Eyeglasses 1c also includes three pieces of hook and loop fastener, upper fastener 90, and left and right lower fasteners 88, 86. Upper fastener 90 extends approximately from right hinge 15c to left hinge 16c, and has a width 91 approximately equal to the width of the upper frame pieces 23c. The forward side of upper fastener 90 is affixed to frame 4c, preferably using adhesive, as are lower fasteners 86 and 88. Lower right fastener 86 has a width 87 which is approximately equal to lower frame piece width 19c, and extends from below hinge 15c along the greater part of lower frame piece 20c, and may optionally continue until it reaches upper fastener 90. Lower left fastener 88 has width 87, and extends from left hinge 16c across lower left frame piece 18c in a similar fashion.
Shield 2c shares many of the same elements as shields 2a and 2b. It has a shielding element 42c, having a thickness 66c, seen in FIG. 3B. Returning to FIG. 3, shielding element 42c has an upper shield element 100c, right and left lower shield elements 104c and 102c, and a bridging element 103c. Lower shield elements 102 and 104c are spaced from upper shield element 100c, and thereby define left and right lens opening 74c, 75c. Similar to those in FIGS. 1 and 2, shield element 42c extends farther rearwardly in regions 56c and 54c, and proximate to grooves 70c, 73c than in regions 60c, 63c, 64c, 99c, or 101c. Shielding element 42c extends rearward sufficiently to, and is comformable to, seal against a wearer's face. Shown in FIG. 3B, in section, is thickness 66c of shielding element 42c. Also similar to the shield elements in FIGS. 1 and 2, shield element 42c has left and right grooves, 70c, 73c, which extend from front to rear. Referring to FIG. 3A, said groove 70c has width 69c, and depth 68c. Detail of groove 70c in FIG. 3A is typical of groove 73c.
Returning to FIG. 3, shield 2c further comprises upper shield fastener 92 and lower left and right shield fasteners, 96 and 94. Shield fasteners 92, 94, 96 are also hook and loop fabric and mate with opposed fabric comprising fasteners 86, 88, 90 attached to frame 4c. Shield fasteners 92, 94, 96 abut the front of shielding element 42c. Upper shield fastener 92 has width 93; lower right and left shield fasteners 94, 96 each have width 95. Upper shield fastener 92 extends approximately from left groove 70c to right groove 73c and width 93 is approximately equal to width 91 of the upper fastener 90 attached to frame 4c and to upper shield element 100c. Upper shield fastener 92 is attached to upper shield element 100c, preferably using a permanent adhesive. Lower shield fasteners 94 and 96 are similarly affixed to left and right lower shield elements 102c and 104c. Right lower shield fastener 94 extends approximately from below right groove 73c along lower shield element 104c and the bottom of right lens opening 75c, and may or may not reach bridging element 103c of shielding element 42c. Left lower shield fastener 96 is attached in a similar fashion to left lower shield element 102c. The positions of shield fasteners 92, 94, 96 preferentially correspond to those of fasteners 86, 88 and 90. Width 95 of lower shield fasteners 94 and 96 are approximately equal to width 87 of lower fasteners 86 and 88 attached to frame 4c and to lower shield elements 104c and 102c. When shield fasteners 92, 94, 96 are properly affixed to frame fasteners 86, 88, 90, which are attached to frame 4c, lens openings 74c and 75c permit the wearer to see through the openings in shielding element 42c and through lenses 6c, 8c.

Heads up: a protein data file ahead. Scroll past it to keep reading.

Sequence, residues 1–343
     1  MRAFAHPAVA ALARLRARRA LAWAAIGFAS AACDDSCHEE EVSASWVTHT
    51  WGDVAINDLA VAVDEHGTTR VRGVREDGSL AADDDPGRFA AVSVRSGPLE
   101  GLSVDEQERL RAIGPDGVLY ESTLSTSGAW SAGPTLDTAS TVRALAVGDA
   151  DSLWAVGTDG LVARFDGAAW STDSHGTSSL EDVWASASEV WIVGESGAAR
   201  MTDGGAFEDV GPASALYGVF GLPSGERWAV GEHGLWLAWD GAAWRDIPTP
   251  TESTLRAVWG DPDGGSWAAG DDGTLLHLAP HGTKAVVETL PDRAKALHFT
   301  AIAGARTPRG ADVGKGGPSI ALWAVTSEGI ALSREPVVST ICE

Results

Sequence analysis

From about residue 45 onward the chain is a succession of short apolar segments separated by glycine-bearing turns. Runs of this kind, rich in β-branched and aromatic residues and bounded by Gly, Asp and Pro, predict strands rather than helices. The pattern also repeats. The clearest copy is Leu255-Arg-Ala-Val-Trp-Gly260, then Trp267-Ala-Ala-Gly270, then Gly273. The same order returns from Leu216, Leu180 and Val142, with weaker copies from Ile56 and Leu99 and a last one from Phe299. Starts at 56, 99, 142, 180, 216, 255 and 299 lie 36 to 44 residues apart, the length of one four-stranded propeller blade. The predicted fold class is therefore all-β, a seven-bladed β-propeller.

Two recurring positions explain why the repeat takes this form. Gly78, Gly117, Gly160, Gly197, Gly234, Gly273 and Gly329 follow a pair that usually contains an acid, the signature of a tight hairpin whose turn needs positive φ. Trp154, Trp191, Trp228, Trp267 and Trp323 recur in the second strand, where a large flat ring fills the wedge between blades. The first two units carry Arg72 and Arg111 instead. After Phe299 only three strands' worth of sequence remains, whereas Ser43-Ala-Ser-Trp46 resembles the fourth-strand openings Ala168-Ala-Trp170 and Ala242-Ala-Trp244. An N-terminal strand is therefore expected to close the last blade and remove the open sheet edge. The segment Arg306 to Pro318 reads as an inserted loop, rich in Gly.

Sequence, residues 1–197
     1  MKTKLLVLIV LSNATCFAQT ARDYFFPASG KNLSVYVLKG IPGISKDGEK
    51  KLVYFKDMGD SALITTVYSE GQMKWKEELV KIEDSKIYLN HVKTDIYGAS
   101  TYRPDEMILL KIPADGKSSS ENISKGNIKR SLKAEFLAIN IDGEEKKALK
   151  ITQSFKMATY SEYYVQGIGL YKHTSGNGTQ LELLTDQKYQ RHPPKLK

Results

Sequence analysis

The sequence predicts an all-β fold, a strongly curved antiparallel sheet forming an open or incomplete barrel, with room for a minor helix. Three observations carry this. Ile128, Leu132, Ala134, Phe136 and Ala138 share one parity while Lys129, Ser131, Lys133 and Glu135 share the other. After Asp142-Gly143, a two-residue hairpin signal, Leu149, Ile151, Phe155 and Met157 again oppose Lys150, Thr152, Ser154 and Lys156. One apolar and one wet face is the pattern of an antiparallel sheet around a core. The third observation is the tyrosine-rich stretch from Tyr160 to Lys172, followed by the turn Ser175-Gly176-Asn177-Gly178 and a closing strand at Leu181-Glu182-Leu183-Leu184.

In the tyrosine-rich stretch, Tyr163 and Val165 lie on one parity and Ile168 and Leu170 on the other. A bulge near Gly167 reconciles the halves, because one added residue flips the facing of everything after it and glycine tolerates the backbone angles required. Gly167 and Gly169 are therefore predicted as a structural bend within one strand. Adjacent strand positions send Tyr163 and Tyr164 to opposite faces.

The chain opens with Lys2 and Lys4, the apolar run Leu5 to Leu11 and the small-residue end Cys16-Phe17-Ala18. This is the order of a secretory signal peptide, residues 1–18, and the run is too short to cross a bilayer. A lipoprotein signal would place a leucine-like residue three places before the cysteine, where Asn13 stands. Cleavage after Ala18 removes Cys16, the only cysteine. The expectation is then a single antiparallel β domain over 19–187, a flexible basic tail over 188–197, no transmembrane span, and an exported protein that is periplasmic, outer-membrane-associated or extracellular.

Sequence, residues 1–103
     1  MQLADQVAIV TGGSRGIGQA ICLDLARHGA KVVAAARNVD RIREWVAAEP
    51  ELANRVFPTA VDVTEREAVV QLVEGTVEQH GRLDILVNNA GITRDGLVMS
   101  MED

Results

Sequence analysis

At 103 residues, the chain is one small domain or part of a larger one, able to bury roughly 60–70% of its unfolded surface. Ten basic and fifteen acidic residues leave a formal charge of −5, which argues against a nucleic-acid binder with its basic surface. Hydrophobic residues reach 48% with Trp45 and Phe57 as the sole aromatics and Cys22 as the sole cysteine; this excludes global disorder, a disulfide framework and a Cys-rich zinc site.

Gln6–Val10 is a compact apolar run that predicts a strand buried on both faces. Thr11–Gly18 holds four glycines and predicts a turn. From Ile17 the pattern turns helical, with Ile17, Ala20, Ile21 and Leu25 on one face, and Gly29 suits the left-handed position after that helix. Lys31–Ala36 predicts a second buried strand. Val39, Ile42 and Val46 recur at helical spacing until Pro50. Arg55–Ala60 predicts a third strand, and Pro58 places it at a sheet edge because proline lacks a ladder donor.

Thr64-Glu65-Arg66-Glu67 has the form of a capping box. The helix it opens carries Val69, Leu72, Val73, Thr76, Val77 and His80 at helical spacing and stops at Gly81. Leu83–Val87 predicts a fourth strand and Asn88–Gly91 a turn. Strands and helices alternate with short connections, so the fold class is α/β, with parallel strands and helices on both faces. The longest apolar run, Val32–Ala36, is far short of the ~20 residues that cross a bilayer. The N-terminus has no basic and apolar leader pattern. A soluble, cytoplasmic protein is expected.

Shield 2c may be attached to eyeglasses 1c by aligning upper fastener 91 and upper shield fastener 92, and lower fasteners 86, 88 and lower shield fasteners 94, 96, and pressing those fasteners 91, 86, 88 attached to frame 4c to those fasteners, 92, 94, 96, attached to shielding element 42c. The hook and loop fabric of the fasteners would then engage, retaining shield 2c to eyeglasses 1c and permitting a snug fit. Shield 2c may be detached from eyeglasses 1c by pulling gently rearwardly on shielding element 42c to disengage the hook and loop fabric of the fasteners. Shield 2c may then be discarded.
A further embodiment of an eye protection system 3d is depicted in FIG. 4, including a pair of eyeglasses (or eye goggles) 1d and a shield 2d. In this embodiment, elements that are substantially the same and perform the same functions as in previous figures, generally 3a, 3b and 3c in FIGS. 1, 2 and 3, utilize the letter "d" and the appropriate numeral. Eyeglasses 1d include frame 4d, right upper and lower frame pieces 22d, 20d, and left upper and lower frame pieces 24d, 18d. Lower frame pieces have width 19d and thickness 106d and upper frame pieces width 23d and thickness 108d. Eyeglasses 1d also include right and left lens 8d and 6d, crosspiece 26d, and right and left temple connectors 9d and 12d, having width 30d and depth 32d. Right temple connector 9d includes right extender 10d, and earpiece 11d, while left temple connector 12d includes corresponding pieces 13d, 14d. Eyeglasses 1d further include left and right hinges 16d, 15d, which have a height 31d. As with the first and second embodiments, it is understood that temple connectors 9d and 12d may take various configurations.